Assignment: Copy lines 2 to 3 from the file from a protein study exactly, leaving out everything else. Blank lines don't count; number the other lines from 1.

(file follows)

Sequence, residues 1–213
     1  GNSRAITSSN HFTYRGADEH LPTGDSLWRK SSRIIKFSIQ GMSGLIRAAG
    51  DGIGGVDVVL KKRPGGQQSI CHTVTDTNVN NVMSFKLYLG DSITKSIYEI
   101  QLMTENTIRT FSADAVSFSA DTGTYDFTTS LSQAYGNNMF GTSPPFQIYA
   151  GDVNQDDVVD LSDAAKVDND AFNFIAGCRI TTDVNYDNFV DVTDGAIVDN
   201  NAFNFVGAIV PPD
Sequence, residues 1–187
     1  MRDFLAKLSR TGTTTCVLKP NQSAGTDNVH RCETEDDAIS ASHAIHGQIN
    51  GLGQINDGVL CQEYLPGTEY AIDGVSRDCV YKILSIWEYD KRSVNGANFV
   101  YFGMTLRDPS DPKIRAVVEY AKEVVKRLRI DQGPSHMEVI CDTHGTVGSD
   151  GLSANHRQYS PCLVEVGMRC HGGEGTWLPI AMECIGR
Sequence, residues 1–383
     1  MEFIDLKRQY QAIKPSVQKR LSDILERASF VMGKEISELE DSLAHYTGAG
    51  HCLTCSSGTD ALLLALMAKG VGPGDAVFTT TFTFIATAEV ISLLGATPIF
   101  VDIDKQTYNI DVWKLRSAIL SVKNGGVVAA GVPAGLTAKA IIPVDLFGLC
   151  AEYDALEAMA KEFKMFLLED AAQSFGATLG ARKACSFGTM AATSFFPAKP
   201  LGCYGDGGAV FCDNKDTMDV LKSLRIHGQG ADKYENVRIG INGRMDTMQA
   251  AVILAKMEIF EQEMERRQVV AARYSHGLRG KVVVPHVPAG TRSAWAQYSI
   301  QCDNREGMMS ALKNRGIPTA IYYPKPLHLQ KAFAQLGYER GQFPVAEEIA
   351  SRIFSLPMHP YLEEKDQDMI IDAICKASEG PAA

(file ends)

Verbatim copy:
     1  GNSRAITSSN HFTYRGADEH LPTGDSLWRK SSRIIKFSIQ GMSGLIRAAG
    51  DGIGGVDVVL KKRPGGQQSI CHTVTDTNVN NVMSFKLYLG DSITKSIYEI